In the context: iPhone or iPad owners can attest to having received several years of software updates, which is more than you would expect from most Android devices, including those from Google. Apple mobile devices also receive timely updates regardless of model or mobile service provider, which is why iOS 15’s adoption rate reached almost 90 percent within a year of release.

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This week Apple announced iOS 16, a major update that includes lock screen improvements, automatic security updates, passwordless login, and more. The company says the OS update will be compatible with the iPhone 8 and newer models, while the previous iPhone and iPod Touch models are left behind because they are equipped with outdated chipsets. This does not apply to iPadOS 16, which will be available for all devices eligible for iPadOS 15.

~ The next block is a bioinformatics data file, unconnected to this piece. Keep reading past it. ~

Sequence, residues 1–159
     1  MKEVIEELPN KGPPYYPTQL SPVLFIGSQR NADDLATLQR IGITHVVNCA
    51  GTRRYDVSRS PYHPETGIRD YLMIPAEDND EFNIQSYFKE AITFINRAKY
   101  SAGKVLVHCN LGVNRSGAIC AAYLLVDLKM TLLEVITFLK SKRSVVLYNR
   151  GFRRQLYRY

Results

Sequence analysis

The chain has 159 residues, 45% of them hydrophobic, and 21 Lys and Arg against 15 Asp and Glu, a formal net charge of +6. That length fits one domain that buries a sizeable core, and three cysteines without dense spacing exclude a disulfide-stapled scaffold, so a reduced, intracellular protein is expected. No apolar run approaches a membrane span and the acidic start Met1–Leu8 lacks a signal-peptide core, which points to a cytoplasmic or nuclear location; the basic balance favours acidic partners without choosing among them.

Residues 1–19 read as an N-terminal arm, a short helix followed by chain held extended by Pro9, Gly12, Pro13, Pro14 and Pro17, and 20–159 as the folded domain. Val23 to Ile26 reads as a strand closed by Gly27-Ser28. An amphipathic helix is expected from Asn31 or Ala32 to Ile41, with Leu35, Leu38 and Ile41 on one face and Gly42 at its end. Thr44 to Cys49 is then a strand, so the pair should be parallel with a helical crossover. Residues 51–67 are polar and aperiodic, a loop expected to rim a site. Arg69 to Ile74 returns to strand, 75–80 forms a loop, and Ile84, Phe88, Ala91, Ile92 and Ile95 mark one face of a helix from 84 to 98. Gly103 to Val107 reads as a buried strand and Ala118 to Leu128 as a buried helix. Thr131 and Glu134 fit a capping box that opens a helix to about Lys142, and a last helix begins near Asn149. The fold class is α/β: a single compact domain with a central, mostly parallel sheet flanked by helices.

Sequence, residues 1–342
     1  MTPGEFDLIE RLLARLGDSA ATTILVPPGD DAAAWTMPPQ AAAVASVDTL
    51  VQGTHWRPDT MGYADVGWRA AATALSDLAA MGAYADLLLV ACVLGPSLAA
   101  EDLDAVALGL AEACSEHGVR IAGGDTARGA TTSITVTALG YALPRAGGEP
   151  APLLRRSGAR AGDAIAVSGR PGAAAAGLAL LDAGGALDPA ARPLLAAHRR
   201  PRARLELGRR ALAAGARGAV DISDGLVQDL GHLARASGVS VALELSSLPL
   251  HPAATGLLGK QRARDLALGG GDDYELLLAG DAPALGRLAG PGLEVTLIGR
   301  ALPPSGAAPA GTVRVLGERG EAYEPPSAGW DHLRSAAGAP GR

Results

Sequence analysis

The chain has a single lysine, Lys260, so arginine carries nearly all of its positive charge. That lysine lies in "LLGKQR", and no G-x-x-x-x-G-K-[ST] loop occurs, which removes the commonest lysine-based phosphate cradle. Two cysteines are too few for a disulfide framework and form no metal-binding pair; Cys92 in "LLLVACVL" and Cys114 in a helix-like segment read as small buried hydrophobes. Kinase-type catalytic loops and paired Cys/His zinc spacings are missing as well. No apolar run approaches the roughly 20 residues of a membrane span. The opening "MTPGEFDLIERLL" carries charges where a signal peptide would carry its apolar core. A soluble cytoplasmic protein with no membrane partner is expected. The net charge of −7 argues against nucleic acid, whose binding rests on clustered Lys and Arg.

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In other words, those of you with an iPhone 6S, iPhone 6S Plus, iPhone 7, iPhone 7 Plus, and first generation iPhone SE will stay on iOS 15 for the life of your device. Apple last month out of production iPod two decades later, and the seventh generation iPod Touch will be the last of its kind. As you might expect, this also means it won’t work with iOS 16.

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Devices using the A9 and A10 Fusion chipsets will not receive the update, although most of these devices are six to seven years old, with the exception of the 7th generation iPod Touch, which was launched in 2019. However, Apple usually provides an additional year or two of security updates for devices that can’t update to the latest version of iOS, although there is no official policy that dictates this.

When iPadOS 16, all devices that were eligible to upgrade to iPadOS 15 are also compatible with the upcoming version. This includes iPad 5th generation or later, iPad Air 3rd generation or later, iPad mini 4th generation or later, and all iPad Pro models. Some new multitasking features such as Stage Manager and external display support require an M1-based device.